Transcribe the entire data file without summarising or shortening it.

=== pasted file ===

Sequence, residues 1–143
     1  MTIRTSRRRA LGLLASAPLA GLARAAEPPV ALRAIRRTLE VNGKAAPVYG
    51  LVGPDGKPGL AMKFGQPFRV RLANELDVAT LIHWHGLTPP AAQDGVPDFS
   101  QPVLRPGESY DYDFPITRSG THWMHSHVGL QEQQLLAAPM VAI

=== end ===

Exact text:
Sequence, residues 1–143
     1  MTIRTSRRRA LGLLASAPLA GLARAAEPPV ALRAIRRTLE VNGKAAPVYG
    51  LVGPDGKPGL AMKFGQPFRV RLANELDVAT LIHWHGLTPP AAQDGVPDFS
   101  QPVLRPGESY DYDFPITRSG THWMHSHVGL QEQQLLAAPM VAI